OUR VIEW: City should have planned for issues with water lines, pipes
The city of Mitchell could soon force you -- the residents of the city -- to pay about $75.60 more each year on your utility bill. The potential increase is to help pay to repair or replace aging water lines and old sewer pipes in the city. That'...
The city of Mitchell could soon force you - the residents of the city - to pay about $75.60 more each year on your utility bill.
The potential increase is to help pay to repair or replace aging water lines and old sewer pipes in the city. That's according to Terry Johnson, the city's deputy public works director, who spoke to the City Council on Monday night.
The council will vote on the proposed increase at its next meeting, which is scheduled for Dec. 15.
Johnson said Monday night the proposed increase would raise the average utility bill for residents by about $6.30 per month.
It's never good news when taxes, fees or bills go up, but we're especially upset about this proposal.
According to city code, homeowners in Mitchell are responsible for their sewer lines that connect to the city's pipes.
The code reads, "All costs and expenses incidental to the installation and connection of the sewer service shall be borne by the owner(s). The owner(s) shall indemnify the city from any loss or damage that may directly or indirectly be occasioned by the installation of the sewer service."
That means each Mitchell homeowner is on the hook for the cost of replacing the sewer line that connects to the city's main drain if there is a problem. Put simply, residents are responsible for everything from their house up to the main, and the city is responsible for the main.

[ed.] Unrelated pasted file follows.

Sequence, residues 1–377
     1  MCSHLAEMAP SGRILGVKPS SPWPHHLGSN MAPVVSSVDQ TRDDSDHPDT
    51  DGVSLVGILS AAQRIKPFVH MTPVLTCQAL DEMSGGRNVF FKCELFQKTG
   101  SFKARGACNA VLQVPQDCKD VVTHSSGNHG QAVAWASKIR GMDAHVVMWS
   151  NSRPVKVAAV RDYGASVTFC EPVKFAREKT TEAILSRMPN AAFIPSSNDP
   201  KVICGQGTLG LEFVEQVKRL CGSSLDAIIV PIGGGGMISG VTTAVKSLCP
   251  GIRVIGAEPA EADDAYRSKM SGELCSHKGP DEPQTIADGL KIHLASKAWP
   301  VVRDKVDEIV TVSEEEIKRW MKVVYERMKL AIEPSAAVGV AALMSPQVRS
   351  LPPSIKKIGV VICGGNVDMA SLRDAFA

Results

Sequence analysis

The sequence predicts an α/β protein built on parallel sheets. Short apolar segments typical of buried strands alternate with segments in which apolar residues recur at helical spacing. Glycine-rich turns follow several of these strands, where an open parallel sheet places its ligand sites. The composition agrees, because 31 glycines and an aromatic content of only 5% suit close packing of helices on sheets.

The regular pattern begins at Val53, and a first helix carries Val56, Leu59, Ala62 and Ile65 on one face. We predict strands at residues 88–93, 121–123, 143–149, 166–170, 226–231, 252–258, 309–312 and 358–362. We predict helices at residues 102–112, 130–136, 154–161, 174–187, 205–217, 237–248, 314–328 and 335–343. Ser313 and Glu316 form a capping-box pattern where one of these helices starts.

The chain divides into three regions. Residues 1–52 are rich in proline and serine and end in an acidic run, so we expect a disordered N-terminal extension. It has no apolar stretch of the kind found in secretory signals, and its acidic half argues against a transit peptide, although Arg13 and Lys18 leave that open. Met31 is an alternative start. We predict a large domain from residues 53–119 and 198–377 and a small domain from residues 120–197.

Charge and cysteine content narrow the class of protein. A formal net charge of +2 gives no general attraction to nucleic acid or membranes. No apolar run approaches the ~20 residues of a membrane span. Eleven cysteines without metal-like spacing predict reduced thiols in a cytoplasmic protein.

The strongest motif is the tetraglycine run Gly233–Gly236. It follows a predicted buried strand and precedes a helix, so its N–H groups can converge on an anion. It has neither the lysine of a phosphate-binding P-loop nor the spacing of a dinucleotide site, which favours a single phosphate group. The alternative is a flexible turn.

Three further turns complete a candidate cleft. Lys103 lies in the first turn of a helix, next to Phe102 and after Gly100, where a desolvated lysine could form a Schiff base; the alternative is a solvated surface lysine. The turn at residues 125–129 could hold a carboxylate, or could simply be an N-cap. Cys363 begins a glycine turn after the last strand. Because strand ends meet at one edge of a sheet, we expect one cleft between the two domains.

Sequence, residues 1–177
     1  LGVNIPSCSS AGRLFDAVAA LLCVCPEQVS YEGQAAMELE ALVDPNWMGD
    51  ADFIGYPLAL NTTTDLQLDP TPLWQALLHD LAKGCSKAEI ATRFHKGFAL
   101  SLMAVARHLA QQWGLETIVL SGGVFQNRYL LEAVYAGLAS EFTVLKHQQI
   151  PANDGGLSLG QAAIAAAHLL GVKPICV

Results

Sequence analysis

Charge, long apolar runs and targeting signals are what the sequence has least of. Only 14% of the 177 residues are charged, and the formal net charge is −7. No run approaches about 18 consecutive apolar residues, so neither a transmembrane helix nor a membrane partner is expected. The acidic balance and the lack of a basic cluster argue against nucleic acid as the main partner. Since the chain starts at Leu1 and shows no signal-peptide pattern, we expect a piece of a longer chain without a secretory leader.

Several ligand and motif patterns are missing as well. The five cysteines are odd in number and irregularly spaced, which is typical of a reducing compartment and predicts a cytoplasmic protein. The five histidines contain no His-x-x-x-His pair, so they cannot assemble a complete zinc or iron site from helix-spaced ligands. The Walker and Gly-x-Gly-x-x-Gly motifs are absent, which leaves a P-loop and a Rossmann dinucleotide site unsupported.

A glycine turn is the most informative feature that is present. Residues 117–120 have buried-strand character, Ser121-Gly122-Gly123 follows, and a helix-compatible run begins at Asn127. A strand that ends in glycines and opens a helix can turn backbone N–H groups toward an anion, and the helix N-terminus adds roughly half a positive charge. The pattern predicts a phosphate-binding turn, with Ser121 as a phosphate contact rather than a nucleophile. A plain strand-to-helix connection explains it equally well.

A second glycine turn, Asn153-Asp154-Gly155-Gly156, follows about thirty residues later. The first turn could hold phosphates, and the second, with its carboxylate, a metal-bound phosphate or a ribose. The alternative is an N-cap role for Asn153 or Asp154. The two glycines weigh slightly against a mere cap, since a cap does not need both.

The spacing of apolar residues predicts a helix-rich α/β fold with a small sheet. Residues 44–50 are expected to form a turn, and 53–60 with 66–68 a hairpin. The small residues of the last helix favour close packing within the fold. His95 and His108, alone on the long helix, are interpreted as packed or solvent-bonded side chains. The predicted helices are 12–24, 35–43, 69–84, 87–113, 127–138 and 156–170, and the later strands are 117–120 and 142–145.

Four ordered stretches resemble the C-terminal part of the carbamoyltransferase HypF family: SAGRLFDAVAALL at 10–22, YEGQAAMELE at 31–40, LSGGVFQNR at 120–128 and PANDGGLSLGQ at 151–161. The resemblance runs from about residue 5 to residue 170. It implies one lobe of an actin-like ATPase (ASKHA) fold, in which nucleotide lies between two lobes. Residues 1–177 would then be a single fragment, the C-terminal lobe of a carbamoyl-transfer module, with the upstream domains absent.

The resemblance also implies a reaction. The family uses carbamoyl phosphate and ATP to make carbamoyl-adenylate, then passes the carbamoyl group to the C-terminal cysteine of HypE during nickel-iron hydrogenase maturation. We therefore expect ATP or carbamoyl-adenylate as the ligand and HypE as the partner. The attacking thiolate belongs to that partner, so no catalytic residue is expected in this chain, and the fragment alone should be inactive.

What's especially interesting is that even if a homeowner's sewer is having problems underneath public sidewalks or public streets, the homeowner must pay to have the ground dug up, the pipe fixed and the sidewalk, curb and street replaced. The city doesn't help pay at all.
Remember, the homeowner is responsible for "all costs and expenses," the city code says.
So, shouldn't the city use money from its general fund to fix aging water lines and old sewer pipes, instead of sticking the residents with the bill, in the form of a rate increase?
At the council meeting Monday night, Council President Jeff Smith said, "We didn't wake up to an old city with old pipes. We should have been planning for this for quite a while." We completely agree.
That's a big issue that needs to be addressed moving ahead.
If the city expects its homeowners to somehow come up with enough money to fix their own broken sewer lines, the city should, too. The city's public works department should have been planning ahead and setting money aside to prepare for issues like this.
If the city is unwilling to help homeowners when a problem arises with homeowners' sewer lines, and especially when problems occur underneath public rights-of-way, why should residents be forced to fund the city's problems?
Ultimately, we know the city's residents, through taxes, pay for nearly all of the work that's done by city employees. But we wish the city would have saved enough money over time to use from its general funds to fix these problems.
Such a large, unexpected jump is frustrating.
That's why the city - not its residents through a surprise increase in utility rates - should be responsible for "all costs and expenses" to fix these water lines and sewer pipes.